Ubuntu 9.10 is causing outrage and frustration, with early adopters wishing they'd stuck with previous versions of the Linux distro. Blank and flickering screens, failure to recognize hard drives, defaulting to the old 2.6.28 Linux kernel, and failure to get encryption running are taking their toll, as early adopters turn to the …
I'm pretty much the least technically minded user of ubuntu I know and so pretty representative of the kind of people the linux community should want to convert, and the one thing that really, really annoyed me was that spotify didn't work with the initial upgrade. It was a pretty simple fix - just upgraded to wine 1.2 - but isn't this the sort of thing that should have already worked anyway?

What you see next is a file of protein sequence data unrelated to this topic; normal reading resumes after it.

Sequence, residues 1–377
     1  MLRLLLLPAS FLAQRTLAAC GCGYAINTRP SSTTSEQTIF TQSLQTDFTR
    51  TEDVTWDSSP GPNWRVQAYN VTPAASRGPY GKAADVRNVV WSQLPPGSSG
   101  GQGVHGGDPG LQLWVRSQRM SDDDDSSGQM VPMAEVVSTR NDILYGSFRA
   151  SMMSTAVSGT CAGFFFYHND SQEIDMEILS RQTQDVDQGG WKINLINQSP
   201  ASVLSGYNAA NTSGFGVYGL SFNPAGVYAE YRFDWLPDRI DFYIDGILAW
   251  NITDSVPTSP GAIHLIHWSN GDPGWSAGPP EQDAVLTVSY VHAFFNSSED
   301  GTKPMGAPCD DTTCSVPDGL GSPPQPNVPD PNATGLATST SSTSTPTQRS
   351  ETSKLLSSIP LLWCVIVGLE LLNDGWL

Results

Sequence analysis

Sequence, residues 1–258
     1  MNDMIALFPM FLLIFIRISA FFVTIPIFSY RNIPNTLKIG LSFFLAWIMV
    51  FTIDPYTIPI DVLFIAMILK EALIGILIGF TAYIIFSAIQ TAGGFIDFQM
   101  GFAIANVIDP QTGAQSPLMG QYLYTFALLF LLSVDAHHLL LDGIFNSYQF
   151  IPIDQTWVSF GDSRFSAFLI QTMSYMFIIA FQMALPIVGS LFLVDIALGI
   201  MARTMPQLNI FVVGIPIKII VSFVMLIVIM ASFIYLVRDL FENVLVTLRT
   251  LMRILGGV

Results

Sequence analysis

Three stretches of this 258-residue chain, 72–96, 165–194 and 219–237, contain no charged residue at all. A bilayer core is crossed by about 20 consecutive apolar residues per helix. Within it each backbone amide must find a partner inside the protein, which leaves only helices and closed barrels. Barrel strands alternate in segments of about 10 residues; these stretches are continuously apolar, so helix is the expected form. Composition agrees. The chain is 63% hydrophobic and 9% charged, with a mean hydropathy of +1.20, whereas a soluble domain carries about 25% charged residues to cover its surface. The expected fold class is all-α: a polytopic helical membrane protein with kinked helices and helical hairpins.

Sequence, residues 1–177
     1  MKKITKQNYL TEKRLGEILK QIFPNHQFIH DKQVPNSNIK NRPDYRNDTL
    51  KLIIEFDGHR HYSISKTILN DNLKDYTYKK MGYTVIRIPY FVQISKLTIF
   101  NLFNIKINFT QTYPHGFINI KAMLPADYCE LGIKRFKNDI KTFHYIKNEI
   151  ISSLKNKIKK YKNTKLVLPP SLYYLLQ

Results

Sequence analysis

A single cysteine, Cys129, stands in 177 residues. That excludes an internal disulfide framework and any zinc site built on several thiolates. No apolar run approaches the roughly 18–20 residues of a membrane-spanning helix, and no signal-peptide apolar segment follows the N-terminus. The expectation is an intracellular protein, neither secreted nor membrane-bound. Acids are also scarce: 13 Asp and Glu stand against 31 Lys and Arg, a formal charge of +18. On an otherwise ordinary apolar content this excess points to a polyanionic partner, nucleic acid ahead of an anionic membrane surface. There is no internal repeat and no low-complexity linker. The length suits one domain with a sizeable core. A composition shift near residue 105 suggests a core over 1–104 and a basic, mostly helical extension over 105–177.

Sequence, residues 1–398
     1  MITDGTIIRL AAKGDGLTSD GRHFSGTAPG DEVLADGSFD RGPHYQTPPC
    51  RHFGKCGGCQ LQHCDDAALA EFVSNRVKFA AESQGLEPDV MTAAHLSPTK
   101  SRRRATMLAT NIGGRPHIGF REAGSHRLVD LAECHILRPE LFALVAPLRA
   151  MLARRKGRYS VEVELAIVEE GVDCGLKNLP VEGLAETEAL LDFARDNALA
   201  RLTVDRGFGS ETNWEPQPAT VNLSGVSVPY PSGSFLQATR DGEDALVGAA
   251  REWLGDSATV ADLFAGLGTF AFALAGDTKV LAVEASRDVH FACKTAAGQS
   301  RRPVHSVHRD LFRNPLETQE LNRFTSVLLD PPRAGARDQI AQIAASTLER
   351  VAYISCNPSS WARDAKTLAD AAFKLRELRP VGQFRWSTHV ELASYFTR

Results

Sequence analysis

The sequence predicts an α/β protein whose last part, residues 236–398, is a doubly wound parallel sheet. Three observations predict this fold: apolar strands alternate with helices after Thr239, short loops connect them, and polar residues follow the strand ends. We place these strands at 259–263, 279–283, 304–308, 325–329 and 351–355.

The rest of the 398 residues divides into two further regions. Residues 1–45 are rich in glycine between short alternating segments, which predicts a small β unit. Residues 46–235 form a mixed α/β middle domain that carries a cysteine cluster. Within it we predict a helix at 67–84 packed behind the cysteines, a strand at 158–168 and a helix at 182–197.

Spotify is the coolest thing on the internet right now and just about everyone I know uses it, yet somehow the fact that it didn't work on 9.10 passed the developers by? I'm sure lots of developers will whine on about how spotify 'isn't open source so they don't care for it' or whatever, but frankly, millions and millions of your potential users do like it and want to use it.
Sorry, bit of an incoherent rant there.
agreed, 9.10 reeks of eucalyptus
- Clean install on a Dell Inspiron 14. Wifi doesn't work. Well, the wifi works as far as the interface coming up and scanning, but it won't associate with WPA networks. Haven't tried open or WEP. Other people with different wifi hardware are having the same problem, so i think it's a a higher-up kernel problem.
- Speaking of, it was a pain in the ass to get the Broadcom STA drivers to load. The live-CD would show me the driver and let me activate it, but once karmic was installed to the machine the driver was absent. I had to manually install 3 .debs (patch, dkms, bcmwl-kernel-source) from the pool on the CD to get it back.
Oh, let me just add...
Everything worked just fine in 9.04.